Chronic wounds and ulcers

Chronic ulceration often occurs in the setting of disorders of circulation, and adequate healing often requires optimisation of both arterial and venous circulation.

Why do they occur?

 There are a number of factors that can lead to chronic ulceration. These include inadequate blood flow to the leg or the foot (or sometimes even the hands) or conversely insufficient venous circulation allowing the blood to flow adequately back towards the heart causing venous erythema, skin changes and sometimes ulceration. There are sometimes less common and rare causes that include skin conditions, other more rare vascular disorders or systemic issues. Even some medications can cause ulcers to develop. Often there is a minor trauma that has occurred damaging the skin, and due to one of these factors the wound is unable to heal and can in some instances deteriorate further.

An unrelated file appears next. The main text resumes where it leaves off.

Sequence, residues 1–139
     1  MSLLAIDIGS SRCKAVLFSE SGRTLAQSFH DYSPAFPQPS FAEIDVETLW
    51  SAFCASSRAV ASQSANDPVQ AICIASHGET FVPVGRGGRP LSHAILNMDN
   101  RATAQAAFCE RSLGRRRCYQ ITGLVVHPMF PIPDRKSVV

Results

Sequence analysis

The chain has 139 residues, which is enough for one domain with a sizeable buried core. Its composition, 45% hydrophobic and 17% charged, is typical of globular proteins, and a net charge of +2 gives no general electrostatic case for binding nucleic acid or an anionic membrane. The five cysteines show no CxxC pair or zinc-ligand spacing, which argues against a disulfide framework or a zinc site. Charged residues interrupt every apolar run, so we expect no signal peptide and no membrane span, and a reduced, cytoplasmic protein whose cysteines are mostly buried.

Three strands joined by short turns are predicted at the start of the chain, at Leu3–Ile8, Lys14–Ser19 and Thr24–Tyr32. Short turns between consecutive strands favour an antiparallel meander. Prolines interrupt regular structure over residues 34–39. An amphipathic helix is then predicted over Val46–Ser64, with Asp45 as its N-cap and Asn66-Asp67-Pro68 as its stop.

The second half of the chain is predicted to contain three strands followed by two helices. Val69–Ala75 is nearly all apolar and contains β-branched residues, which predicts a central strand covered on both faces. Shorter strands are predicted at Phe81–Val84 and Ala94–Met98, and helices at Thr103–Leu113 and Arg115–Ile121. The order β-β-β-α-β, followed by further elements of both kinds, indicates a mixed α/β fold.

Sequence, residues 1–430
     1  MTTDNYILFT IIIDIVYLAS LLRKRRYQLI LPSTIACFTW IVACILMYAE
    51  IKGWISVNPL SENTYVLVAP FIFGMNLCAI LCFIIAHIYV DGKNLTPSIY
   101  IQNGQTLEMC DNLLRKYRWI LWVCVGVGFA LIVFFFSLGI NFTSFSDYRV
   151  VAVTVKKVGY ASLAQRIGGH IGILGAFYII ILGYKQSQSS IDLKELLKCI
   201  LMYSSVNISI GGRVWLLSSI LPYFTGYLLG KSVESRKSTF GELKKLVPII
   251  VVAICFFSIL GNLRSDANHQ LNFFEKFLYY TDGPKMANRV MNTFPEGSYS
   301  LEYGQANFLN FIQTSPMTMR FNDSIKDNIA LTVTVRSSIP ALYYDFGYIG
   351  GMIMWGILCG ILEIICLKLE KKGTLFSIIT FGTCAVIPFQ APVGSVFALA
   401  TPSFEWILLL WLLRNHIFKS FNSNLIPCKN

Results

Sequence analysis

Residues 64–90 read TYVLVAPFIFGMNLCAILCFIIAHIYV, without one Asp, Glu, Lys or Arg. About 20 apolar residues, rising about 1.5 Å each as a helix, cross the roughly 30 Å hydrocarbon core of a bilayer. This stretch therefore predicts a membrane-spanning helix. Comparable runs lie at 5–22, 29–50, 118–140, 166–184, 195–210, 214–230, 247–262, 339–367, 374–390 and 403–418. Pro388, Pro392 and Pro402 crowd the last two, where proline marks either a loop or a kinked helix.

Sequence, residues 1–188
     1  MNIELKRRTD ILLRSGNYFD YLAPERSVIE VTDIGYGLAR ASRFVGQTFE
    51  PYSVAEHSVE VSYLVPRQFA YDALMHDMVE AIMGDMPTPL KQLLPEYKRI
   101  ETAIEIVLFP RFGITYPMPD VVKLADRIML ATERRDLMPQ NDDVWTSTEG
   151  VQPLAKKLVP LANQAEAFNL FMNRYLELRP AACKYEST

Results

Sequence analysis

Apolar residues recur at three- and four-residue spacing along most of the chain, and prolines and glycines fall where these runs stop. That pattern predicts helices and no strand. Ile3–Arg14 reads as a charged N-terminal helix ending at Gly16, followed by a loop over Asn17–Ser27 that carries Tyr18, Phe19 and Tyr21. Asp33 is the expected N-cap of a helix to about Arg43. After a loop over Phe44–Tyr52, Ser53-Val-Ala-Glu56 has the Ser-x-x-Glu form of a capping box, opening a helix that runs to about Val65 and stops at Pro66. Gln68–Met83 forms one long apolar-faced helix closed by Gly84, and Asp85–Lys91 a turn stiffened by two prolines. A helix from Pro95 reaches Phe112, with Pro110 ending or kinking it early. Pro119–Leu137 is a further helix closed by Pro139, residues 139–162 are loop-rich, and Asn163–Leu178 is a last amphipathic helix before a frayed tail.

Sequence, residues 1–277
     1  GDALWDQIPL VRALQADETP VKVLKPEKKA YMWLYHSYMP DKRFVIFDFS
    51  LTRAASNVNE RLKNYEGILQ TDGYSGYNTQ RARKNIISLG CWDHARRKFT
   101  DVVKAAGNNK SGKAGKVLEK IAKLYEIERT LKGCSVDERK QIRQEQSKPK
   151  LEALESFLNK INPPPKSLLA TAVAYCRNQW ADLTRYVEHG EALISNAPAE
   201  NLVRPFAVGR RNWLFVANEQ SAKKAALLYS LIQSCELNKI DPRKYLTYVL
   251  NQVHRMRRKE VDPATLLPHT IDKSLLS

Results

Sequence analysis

How is it diagnosed?

A complete history and examination is required often with imaging of both the arteries and veins. Sometimes a tissue biopsy is also required for further examination for more rare and unusual cases.

How is it treated?

First, if there is an underlying circulatory problem this needs to be addressed. This can often mean an angiogram needs to be performed to treat any peripheral vascular disease that may be present. If the problem is with the venous drainage (especially if associated with varicose veins) then ablation of these veins may be needed. This can be done by radiofrequency ablation, venaseal or sclerotherapy.

Other adjunctive measures may be required, which include a good wound dressing plan, compression garments or optimisation of medications or antibiotics.


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